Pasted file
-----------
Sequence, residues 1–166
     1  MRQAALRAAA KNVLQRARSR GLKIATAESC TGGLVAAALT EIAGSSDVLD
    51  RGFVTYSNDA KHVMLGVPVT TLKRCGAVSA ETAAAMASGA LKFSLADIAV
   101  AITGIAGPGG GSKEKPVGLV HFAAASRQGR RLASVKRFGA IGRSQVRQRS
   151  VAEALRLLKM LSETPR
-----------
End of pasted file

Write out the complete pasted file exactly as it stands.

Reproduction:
Sequence, residues 1–166
     1  MRQAALRAAA KNVLQRARSR GLKIATAESC TGGLVAAALT EIAGSSDVLD
    51  RGFVTYSNDA KHVMLGVPVT TLKRCGAVSA ETAAAMASGA LKFSLADIAV
   101  AITGIAGPGG GSKEKPVGLV HFAAASRQGR RLASVKRFGA IGRSQVRQRS
   151  VAEALRLLKM LSETPR